De­men­tia puts a stop to ris­ing life ex­pectancy

The Daily Telegraph - - Front page - By Sarah Knap­ton Science editor

THE steady rise in life ex­pectancy has stalled in Britain for the first time in 100 years, with de­men­tia and life­style dis­eases largely to blame, a re­port has warned.

Since the First World War, the av­er­age age of death has been in­creas­ing grad­u­ally and un­til re­cently men were gain­ing an ex­tra year ev­ery three and a half, and women ev­ery five. But since 2010 the trend has halved with a one-year in­crease now tak­ing 10 years for women and six years for men.

Sir Michael Mar­mot, di­rec­tor of the In­sti­tute of Health Eq­uity at Univer­sity Col­lege Lon­don, who com­piled the re­port, said the down­turn was “deeply con­cern­ing” and warned that the coun­try could soon reach a point at which life ex­pectancy started to go back­wards, as has hap­pened in the US.

Sir Michael, who pre­vi­ously chaired a gov­ern­ment­com­mis­sioned re­view into health in­equal­i­ties, said life ex­pectancy gains for Bri­tons had “pretty much ground to a halt”.

“I am deeply con­cerned with the lev­el­ling off, I ex­pected it to just keep get­ting bet­ter,” he said. “I would say it is a mat­ter of ur­gency to try and ex­am­ine why this has hap­pened – it is not in­evitable that it should have lev­elled off. It’s been pretty good for 100 years.”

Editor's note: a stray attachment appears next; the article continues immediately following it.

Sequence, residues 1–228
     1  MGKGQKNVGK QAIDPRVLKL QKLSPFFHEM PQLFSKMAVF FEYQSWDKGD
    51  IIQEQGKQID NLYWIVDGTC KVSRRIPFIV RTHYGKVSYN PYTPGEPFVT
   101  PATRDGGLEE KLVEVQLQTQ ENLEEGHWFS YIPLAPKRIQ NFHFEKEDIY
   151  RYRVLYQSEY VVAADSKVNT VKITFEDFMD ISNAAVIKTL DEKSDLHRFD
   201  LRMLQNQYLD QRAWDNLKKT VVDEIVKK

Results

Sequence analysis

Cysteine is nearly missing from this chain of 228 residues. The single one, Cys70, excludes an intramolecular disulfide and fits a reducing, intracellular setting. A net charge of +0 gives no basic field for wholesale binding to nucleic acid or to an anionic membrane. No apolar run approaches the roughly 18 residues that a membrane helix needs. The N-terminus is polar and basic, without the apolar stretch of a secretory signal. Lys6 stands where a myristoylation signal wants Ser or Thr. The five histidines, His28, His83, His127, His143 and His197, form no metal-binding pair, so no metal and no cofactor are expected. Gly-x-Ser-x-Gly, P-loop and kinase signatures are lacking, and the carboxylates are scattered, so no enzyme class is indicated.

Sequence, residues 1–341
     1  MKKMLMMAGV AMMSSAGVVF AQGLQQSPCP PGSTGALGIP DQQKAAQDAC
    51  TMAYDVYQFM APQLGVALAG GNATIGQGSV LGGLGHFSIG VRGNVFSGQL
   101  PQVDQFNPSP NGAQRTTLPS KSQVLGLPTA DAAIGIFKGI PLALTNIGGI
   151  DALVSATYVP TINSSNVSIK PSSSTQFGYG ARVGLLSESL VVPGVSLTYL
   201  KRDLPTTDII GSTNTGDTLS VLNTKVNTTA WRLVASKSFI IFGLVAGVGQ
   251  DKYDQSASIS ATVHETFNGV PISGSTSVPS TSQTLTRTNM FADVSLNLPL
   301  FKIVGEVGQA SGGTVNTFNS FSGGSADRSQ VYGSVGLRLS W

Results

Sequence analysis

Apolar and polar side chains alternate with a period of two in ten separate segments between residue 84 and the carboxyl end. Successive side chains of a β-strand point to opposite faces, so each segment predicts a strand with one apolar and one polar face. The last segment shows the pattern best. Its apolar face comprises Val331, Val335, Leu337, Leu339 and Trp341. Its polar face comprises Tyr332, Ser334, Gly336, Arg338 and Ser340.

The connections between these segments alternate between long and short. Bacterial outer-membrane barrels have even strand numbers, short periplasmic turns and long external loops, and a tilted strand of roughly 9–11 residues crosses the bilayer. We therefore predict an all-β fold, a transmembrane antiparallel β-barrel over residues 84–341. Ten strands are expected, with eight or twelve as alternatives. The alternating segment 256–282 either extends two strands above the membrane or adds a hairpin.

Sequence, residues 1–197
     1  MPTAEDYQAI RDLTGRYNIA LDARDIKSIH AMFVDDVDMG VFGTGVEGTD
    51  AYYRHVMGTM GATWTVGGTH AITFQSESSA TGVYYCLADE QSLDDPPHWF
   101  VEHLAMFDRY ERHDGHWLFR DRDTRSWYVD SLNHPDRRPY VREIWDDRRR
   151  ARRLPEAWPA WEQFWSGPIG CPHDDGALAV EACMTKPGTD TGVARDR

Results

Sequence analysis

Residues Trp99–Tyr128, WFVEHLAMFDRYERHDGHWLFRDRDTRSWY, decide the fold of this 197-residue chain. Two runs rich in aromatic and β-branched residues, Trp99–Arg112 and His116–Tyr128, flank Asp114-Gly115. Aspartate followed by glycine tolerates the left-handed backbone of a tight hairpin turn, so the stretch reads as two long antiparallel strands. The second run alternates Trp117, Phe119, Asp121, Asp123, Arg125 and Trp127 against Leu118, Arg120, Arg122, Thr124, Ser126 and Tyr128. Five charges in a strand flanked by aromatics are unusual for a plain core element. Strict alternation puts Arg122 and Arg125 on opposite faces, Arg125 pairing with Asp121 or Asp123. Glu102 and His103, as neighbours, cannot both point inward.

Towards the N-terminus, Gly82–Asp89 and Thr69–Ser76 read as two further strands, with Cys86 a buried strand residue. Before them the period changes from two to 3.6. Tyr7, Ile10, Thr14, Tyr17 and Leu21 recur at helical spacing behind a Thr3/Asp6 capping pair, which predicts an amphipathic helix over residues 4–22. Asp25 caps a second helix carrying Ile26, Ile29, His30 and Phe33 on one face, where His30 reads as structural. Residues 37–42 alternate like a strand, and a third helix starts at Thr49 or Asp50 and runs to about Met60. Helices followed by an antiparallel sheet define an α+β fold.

Life ex­pectancy in Britain to­day is 79 for men, and 82 for women but in coun­tries such as Hong Kong, it has con­tin­ued to rise, with the av­er­age man liv­ing un­til 85.

“We could get to that Hong Kong fig­ure,” said Sir Michael. “So it’s deeply trou­bling that we ap­pear to have stalled. If you look at how things are go­ing we could get to a stage where life ex­pectancy starts to de­cline.”

In 2010, the con­tin­ual in­crease in life ex­pectancy meant that each day, on av­er­age each Bri­ton added eight hours to their life­span. But that has now fallen to four hours, and is ex­pected to de­cline fur­ther.

The re­port warned that de­men­tia played an “im­por­tant part” in the stag­na­tion be­cause of a “sud­den and sus­tained” in­crease in older deaths. De­men­tia is now the most com­mon cause of death for women over 80 and men aged over 85.

Be­tween 2002 and 2015 there was a 175 per cent in­crease in de­men­tia in women and 250 per cent in men. Re­cent fig­ures sug­gest that there will be 1.2 mil­lion peo­ple liv­ing with the dis­ease in 2040 com­pared with 800,000 to­day.

The huge rise in de­men­tia cases had placed health and so­cial ser­vices “un­der con­sid­er­able strain” and keep­ing fund­ing at present lev­els was “not a suf­fi­cient re­sponse”, the re­port said.

Sir Michael said the prob­lem had been made worse by fall­ing wages, grow­ing so­cial in­equal­ity and aus­ter­ity mea­sures. Be­tween 2009-10 and 2015-16 spend­ing on adult so­cial care went down by 6.4 per cent. Al­though Sir Michael said there was no proof that cuts were killing peo­ple, he be­lieved “it was pos­si­ble”.

“Hav­ing more peo­ple with de­men­tia will put a big strain on so­cial and health­care and that will re­quire an in­crease in health and care spend­ing and that’s not hap­pen­ing.”

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